Mineral Resources and Energy Minister Tom Koutsantonis today announced the start of construction on a new $32.2 million Drill Core Reference Library to house the State’s mineral and petroleum treasures.
Bringing together more than 7.5 million metres of drill core material held in four libraries across the State, the new library will be at the heart of the expanding resources precinct at Tonsley.
Hansen Yuncken has been appointed the managing contractor for the project, which is estimated to create up to 100 jobs during construction.
Mr Koutsantonis said the modern facility will be a one-stop-shop for industry and geoscience explorers seeking easy access to the State’s inventory of drill cores generated from historical and recent exploration efforts, enabling companies to better target potential discoveries.
“Drilling is one of the most expensive activities undertaken by an explorer,” Mr Koutsantonis said.
“In a state where our ore bodies are more likely to be under cover, refining search targets before the expensive process of drilling begins provides an important advantage.
“The new library will help companies better pinpoint their search.
“As exploration licences often change hands, access to these cores can also avoid the need to redrill ground which in turn further drives our exploration dollar.”
The new library’s collection will include samples which date back to 1886 and it will have the capacity to store new reference drill cores and rock cutting samples for the next 20+ years.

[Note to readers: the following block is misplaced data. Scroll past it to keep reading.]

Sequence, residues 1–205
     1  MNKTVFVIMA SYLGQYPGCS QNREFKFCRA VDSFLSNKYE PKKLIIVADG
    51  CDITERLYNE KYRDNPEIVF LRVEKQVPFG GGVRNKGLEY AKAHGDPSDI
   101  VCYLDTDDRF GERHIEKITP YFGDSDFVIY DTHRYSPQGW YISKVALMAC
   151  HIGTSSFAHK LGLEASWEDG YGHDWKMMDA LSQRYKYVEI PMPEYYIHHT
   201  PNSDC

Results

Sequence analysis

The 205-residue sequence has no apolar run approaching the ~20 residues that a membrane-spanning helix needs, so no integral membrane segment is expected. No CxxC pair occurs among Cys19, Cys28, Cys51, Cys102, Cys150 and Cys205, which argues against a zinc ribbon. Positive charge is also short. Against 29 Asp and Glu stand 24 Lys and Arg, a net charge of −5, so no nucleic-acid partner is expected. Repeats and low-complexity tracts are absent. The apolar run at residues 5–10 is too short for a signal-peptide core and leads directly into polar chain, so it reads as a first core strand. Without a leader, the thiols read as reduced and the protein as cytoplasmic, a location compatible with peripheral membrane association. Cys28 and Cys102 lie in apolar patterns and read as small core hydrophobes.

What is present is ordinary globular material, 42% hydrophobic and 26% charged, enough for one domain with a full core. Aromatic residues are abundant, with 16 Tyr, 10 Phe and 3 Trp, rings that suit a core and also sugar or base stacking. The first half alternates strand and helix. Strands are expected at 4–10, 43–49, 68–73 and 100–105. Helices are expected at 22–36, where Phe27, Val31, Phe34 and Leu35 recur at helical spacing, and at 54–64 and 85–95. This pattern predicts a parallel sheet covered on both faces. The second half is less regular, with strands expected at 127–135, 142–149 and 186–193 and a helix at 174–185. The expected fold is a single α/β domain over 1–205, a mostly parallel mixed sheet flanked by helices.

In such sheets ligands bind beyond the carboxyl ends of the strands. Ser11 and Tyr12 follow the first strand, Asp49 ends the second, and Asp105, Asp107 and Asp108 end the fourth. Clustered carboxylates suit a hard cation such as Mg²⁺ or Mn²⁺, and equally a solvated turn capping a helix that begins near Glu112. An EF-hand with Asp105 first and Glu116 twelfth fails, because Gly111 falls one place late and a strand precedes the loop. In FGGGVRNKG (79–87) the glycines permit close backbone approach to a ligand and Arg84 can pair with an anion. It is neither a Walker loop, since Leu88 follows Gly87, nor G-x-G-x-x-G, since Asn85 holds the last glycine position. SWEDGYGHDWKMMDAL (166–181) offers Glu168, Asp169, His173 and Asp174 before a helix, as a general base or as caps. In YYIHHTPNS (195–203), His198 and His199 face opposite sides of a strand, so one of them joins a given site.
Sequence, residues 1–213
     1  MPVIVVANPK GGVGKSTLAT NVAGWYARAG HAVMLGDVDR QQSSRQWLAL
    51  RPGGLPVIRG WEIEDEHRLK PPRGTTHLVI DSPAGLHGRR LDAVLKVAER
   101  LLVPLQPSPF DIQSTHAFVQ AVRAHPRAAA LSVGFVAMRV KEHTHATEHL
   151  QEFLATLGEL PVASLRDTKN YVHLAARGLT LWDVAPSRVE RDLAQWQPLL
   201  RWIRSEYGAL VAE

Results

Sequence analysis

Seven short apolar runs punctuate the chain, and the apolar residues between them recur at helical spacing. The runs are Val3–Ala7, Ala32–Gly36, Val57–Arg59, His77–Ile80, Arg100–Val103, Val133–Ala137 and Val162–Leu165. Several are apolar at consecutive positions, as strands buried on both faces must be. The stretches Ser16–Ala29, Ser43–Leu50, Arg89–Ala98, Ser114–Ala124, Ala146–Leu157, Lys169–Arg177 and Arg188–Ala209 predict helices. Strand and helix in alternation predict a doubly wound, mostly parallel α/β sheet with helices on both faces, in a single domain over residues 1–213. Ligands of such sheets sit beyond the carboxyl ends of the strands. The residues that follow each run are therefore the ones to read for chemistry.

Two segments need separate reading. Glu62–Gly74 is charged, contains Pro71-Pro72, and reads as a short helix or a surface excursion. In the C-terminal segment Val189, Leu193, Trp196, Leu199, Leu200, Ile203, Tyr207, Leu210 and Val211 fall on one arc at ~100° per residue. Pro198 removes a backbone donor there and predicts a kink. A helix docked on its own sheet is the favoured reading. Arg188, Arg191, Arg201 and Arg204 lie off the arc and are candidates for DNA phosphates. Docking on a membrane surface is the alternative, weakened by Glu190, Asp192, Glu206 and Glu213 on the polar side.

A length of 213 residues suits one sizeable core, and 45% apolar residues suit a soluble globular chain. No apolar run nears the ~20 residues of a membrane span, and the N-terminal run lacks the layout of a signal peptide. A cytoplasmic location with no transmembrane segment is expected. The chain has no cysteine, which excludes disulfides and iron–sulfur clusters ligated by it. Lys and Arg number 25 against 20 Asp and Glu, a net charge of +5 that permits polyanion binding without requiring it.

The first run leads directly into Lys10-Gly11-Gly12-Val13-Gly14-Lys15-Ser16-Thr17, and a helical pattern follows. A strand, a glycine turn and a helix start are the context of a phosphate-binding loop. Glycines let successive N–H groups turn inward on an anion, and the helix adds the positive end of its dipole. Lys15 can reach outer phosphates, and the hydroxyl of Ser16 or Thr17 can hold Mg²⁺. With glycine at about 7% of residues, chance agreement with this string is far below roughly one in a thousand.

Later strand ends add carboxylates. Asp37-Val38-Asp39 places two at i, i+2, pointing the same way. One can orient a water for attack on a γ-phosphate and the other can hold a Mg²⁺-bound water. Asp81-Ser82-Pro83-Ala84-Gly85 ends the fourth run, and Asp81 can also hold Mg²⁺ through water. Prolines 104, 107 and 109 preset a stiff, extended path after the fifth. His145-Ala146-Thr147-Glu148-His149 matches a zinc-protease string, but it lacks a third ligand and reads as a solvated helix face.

Each year, more than 900,000 metres of mineral drilling and 50,000 metres of petroleum drilling are completed by industry, with about 30,000 metres of the best representative drill core samples retained as permanent reference material.
“The new library will be a massive data bank carved in stone. It will not only provide a record of the past but opportunities for the future,” Mr Koutsantonis said.
“It was instrumental in both the discovery of Olympic Dam and BP’s decision to invest $1.5 billion in its offshore exploratory program in the Great Australian Bight.
“Our $32.2 million investment will help advance new discoveries and mining and energy developments over the next 20+ years, contributing to the generation of an estimated $6.5 billion in royalties.”
The new purpose-built facility will feature modern viewing rooms, access to geoscience information and related services, an industry workshop and education facilities.
It will be home to one of the world’s best ore deposits reference collections, a Data Metallogenica room and a palaeontology area to house the State’s fossil collection.
The Drill Core Reference Library is expected to open in early 2016.
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